If you'll excuse the pun, I enjoy the earthiness of Phoebe's poetry, its concrete images that seem to anchor its philosophical exploration. Phoebe's poetry investigates the ambiguities and incongruities of human existence, but nevertheless arrives at life-affirming conclusions. I also like how Phoebe toys with spirituality, coming down on the side of mystery and imagination, but holding unquestioning certainty at arm's length. Phoebe's poems ask more questions than they answer, but their fluidity gives them power and, after all, isn't doubt and unknowing a constant facet of human experience.

After you've enjoyed Phoebe's poem, check out all my wonderful fellow Tuesday Poets and see what they have to offer to uplift, educate, titillate, amuse and bedazzle you.

Saturday, June 15, 2013

What is so hard to believe about Shakespeare's authorship?

I read a very interesting article recently from The Times by Jack Malvern about two academics who had co-authored a book called Shakespeare Beyond Doubt. They were just absolutely fed up with all the various theories that had been posited in recent years about how all of Shakespeare's plays had really been written by various noblemen or other playwrights such as Edward de Vere, Francis Bacon or Christopher Marlowe.

I must admit I had a great deal of sympathy for them. Why is it so difficult to believe one talented man wrote so many good plays? Because scant knowledge about him was left after his death? We know something about him. He was an actor who became a principal member of an acting troupe and essentially was writing material for his own company to perform. When you think that theatre was the main entertainment for the wide spectrum of London's citizens at this period in time, it was essential Shakespeare kept churning out new plays. It was his livelihood and, no doubt, he needed to feed the audience's demands.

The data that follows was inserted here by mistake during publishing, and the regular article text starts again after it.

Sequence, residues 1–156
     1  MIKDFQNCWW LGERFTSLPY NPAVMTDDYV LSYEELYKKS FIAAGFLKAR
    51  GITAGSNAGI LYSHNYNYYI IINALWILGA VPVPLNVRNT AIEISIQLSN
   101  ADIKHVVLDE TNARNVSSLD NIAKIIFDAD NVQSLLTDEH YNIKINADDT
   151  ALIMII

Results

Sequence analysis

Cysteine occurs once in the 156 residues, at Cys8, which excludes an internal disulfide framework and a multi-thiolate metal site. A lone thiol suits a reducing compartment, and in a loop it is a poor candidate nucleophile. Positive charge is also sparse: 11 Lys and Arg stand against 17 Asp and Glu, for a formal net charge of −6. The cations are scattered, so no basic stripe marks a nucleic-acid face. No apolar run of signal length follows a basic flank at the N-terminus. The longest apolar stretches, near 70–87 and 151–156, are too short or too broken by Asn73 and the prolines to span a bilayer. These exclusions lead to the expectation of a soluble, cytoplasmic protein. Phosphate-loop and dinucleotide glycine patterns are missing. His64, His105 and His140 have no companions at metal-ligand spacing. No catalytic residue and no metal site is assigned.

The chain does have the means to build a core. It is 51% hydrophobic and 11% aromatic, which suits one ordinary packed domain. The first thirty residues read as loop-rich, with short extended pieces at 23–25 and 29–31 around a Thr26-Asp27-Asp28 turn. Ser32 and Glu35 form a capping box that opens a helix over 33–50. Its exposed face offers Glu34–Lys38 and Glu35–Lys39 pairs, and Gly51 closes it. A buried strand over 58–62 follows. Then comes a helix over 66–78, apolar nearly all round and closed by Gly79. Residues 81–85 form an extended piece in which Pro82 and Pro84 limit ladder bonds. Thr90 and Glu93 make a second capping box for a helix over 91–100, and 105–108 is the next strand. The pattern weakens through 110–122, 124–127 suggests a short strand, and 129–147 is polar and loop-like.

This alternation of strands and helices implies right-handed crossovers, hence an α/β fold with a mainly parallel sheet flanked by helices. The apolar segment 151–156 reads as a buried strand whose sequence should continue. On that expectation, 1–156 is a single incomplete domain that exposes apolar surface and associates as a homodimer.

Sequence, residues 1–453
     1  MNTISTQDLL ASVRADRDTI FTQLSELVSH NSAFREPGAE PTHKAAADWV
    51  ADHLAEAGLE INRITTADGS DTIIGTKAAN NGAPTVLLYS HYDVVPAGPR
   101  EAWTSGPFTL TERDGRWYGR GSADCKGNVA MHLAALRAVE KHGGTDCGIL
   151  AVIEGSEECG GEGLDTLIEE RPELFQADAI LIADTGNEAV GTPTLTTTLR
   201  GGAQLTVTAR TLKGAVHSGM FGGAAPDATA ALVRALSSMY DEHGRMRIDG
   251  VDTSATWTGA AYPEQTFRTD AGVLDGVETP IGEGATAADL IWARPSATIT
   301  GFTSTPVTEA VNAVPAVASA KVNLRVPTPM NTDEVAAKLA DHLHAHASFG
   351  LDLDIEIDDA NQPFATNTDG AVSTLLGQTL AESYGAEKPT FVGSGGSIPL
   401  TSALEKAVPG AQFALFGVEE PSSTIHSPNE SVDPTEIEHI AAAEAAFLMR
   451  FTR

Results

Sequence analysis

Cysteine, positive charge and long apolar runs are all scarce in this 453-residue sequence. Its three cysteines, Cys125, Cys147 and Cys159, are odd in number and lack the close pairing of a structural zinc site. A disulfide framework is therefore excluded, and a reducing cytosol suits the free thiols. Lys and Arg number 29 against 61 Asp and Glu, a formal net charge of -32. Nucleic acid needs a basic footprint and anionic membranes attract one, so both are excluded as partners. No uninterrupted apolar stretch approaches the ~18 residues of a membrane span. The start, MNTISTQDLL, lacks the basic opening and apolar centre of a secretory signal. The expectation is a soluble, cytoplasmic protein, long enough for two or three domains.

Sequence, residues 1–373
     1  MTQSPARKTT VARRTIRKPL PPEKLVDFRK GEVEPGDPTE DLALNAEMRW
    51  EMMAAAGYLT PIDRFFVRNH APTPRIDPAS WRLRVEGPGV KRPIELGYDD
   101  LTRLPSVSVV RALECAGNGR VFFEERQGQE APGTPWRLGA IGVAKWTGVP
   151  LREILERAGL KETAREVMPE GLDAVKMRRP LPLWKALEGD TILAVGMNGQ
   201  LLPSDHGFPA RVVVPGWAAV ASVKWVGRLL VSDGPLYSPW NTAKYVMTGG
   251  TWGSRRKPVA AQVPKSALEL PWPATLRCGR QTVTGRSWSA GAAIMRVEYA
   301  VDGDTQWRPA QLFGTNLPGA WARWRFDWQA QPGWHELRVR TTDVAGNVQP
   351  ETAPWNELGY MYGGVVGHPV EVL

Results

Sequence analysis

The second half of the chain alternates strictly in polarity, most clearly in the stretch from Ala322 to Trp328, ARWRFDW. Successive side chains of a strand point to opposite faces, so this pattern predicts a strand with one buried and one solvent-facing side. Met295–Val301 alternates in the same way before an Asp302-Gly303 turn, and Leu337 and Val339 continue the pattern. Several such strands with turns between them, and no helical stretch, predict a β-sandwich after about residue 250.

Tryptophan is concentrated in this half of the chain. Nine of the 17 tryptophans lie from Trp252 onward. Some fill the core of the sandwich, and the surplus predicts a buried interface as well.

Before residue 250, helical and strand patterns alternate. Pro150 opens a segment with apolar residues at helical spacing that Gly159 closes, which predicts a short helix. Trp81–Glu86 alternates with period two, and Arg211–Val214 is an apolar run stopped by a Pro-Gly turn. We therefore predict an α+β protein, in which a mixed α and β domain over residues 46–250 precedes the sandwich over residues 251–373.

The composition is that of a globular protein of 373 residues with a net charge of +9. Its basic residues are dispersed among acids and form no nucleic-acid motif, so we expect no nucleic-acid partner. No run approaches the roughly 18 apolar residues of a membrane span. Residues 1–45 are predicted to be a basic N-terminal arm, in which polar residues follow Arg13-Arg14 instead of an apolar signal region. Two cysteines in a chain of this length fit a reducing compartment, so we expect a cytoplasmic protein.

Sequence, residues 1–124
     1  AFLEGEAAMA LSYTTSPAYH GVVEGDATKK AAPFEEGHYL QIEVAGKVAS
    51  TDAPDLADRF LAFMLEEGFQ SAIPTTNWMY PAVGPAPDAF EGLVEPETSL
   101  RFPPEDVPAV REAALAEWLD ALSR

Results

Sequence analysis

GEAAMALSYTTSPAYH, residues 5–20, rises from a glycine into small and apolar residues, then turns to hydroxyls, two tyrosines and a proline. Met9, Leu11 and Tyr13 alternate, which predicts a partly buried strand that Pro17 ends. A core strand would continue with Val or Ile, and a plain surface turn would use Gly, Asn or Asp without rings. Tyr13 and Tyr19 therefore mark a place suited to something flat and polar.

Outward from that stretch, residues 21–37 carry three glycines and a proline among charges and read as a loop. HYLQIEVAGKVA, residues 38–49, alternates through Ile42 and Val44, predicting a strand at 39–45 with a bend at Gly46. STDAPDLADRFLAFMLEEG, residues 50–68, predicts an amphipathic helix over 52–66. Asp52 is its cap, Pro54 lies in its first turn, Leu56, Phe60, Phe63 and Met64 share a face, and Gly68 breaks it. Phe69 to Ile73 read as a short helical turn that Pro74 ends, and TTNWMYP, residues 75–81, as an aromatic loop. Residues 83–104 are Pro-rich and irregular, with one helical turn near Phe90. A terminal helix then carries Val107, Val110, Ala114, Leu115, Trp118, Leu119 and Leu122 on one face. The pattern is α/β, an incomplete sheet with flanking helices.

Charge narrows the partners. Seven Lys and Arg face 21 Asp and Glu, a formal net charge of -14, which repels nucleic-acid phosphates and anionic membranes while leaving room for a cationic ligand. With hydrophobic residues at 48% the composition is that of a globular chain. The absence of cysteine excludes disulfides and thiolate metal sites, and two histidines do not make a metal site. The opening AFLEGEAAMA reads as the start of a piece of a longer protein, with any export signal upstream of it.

I remember when, several years ago, I had a number of humorous sketches that I'd written broadcast on a national children's television show. The producer seemed to like my work and I'll never forget what she said. She said she hoped I'd continue producing them in big numbers because, in her words, "writing for TV is a sausage factory, you have to keep churning the material out". As so often happens to me when I get some writing break or "in" with a producer or editor, life gets in my way and other demands drag me away. I was doing a lot of theatre and some teaching at the time and I was just trying to keep my head above water financially. The scripts paid OK, but they were two-minute maximum running time so you couldn't make serious money.